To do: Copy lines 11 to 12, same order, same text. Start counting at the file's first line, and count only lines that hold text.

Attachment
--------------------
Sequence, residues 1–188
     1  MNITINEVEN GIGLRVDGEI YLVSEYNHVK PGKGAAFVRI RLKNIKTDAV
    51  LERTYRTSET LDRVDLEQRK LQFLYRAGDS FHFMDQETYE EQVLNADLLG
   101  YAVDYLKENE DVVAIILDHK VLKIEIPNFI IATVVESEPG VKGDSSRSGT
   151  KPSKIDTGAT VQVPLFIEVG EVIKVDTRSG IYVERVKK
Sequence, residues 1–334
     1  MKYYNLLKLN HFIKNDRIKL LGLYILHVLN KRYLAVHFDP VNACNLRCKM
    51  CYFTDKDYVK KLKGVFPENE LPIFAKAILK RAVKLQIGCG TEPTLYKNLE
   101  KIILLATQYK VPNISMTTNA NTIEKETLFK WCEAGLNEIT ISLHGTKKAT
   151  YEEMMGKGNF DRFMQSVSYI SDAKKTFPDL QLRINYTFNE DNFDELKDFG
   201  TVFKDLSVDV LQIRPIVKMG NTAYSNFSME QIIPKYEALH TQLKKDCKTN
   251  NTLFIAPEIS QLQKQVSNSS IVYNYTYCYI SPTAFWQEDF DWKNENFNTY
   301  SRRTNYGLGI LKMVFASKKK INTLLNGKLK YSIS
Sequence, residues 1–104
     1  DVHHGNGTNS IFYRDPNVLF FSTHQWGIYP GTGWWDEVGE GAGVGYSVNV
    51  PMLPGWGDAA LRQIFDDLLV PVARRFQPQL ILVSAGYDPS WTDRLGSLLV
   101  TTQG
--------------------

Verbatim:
   201  TVFKDLSVDV LQIRPIVKMG NTAYSNFSME QIIPKYEALH TQLKKDCKTN
   251  NTLFIAPEIS QLQKQVSNSS IVYNYTYCYI SPTAFWQEDF DWKNENFNTY